The lives of social wasps revolve around gene-sharing (or relatedness). Worker wasps are ‘self-sacrificers’, they have evolved to work rather than reproduce because their genes are passed on through the brood they help rear (their siblings).
But this social contract is only a good deal if their mother is singly mated. Queen wasps only have one mating flight in their lives, but during that time some species mate with several males: they store the sperm in their abdomen and control its release to fertilise the eggs they lay throughout their lives.
Multiple mating means the queen dilutes the relatedness of the workers in her brood and workers end up rearing a mix of half- and full-siblings, which can break the social contract of the colony. In these cases, workers can do better, individually, if they lay their own eggs. And this is when things get messy: sneaky egg laying by workers can cause a colony’s cohesion to break down, creating internal battles among the workers. They may be bloodless battles, as no insect blood (haemolymph) is shed, but they’re fought by ruthless means: workers that detect another worker’s eggs will eat them before they hatch.
But aren’t we taught in schools that only queens lay eggs? In fact, workers
“PERHAPS WE HAVE WASPS TO THANK FOR MUCH OF OUR RICH CULTURAL HISTORY”
in almost all Hymenoptera (bee, wasp and ant) colonies can lay eggs. Because of a genetic quirk of the Hymenoptera, females hatch from fertilised eggs and males from unfertilised eggs. Worker wasps have lost the ability to mate, but can still lay male (unfertilised) eggs.
GOOD FOR BODY AND MIND
There are other reasons to admire wasps. For one thing, they may be indirectly responsible for the invention of paper. Around 2,000 years ago a Chinese eunuch called Cai Lun noticed a wasp building a paper nest in his garden. Inspired by what he saw, he started to mulch wood and with it made the first paper. If the story is true, then perhaps we have wasps to thank for much of our rich cultural history and development.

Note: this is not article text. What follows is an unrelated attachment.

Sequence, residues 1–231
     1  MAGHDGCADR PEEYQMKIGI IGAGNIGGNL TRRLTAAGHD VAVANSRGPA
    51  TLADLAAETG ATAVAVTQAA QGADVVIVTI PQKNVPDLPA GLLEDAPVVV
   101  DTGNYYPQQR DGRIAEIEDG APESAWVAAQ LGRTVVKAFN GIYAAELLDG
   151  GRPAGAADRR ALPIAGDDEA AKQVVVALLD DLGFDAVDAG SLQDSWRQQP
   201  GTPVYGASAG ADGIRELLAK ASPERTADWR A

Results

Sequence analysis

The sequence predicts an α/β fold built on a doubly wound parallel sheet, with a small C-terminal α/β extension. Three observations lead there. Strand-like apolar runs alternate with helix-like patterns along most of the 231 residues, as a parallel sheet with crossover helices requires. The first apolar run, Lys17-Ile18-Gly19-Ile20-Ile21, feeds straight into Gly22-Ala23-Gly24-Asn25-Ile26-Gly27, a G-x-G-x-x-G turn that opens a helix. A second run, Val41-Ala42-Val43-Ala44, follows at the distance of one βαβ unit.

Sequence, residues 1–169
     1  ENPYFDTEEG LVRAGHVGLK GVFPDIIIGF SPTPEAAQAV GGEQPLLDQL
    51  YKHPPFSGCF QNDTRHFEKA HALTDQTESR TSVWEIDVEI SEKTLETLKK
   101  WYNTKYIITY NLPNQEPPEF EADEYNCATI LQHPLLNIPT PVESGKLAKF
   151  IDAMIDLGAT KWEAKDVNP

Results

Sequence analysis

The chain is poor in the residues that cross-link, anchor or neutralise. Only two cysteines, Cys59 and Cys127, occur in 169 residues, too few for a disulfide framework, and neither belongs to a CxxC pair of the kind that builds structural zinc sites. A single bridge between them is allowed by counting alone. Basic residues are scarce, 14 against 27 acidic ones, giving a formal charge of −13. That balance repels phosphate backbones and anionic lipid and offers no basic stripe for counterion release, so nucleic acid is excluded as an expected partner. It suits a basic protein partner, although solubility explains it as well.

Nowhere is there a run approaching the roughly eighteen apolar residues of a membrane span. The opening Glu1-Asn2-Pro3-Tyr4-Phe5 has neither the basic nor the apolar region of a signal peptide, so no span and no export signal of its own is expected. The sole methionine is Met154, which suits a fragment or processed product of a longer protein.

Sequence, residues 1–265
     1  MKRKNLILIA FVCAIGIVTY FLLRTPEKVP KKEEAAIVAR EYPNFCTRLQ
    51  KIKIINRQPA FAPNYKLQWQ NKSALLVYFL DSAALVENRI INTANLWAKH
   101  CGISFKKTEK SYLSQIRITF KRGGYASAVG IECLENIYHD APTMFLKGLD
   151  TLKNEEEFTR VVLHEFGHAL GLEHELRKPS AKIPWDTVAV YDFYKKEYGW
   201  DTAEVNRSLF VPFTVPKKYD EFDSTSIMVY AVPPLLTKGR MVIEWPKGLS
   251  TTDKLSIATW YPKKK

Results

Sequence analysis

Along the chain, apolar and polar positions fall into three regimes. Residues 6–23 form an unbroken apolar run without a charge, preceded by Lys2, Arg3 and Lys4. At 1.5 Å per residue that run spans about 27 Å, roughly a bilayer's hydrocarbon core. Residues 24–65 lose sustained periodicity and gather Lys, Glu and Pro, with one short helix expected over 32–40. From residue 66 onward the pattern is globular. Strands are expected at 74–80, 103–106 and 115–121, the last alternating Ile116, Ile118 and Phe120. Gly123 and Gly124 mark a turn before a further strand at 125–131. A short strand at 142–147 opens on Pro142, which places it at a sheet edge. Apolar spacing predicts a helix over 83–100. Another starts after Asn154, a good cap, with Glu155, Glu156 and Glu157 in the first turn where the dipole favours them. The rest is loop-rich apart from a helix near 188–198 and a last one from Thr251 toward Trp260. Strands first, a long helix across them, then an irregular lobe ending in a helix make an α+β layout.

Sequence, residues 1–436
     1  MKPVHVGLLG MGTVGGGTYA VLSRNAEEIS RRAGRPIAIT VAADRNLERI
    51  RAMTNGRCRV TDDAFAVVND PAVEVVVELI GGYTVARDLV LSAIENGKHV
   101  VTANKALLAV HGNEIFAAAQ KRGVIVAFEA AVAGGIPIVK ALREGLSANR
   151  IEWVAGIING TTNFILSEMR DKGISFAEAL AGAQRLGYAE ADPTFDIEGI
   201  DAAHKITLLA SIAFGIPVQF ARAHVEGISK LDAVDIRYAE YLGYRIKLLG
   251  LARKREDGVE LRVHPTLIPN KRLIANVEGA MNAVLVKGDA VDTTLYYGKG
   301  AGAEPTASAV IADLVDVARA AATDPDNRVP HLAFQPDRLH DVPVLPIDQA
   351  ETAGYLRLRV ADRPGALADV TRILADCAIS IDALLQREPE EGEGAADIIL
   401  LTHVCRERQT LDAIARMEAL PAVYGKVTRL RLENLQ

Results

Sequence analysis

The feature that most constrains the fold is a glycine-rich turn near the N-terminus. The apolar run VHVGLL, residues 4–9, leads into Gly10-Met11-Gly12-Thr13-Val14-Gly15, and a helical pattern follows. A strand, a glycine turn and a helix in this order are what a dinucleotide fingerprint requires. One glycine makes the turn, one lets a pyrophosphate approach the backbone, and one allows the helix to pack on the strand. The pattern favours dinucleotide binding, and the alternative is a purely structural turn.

Fast forward to today where exciting research is looking into the potential use of wasp venom as a cancer therapy. An active peptide found in the venom of tropical social wasps selectively destroys cancerous cells by causing their membranes to leak. Wasps may have the potential to save human lives.
A better appreciation of the ecological, economic, medical and cultural services that our stripy friends provide might help us see them in a different light. So next time your picnic is disturbed by black and yellow insects, take a moment to think about their extraordinary world and the contributions they make to our lives before you reach for the swatter.
WASP SURVEY You can take part in the 2018 survey by putting out a wasp trap between 25 August and the 1st September. Find full details of the survey at www.bigwaspsurvey.org
Dr Seirian Sumner is a behavioural ecologist at University College London. Her research focuses on understanding how and why animals and insects such as wasps live in societies.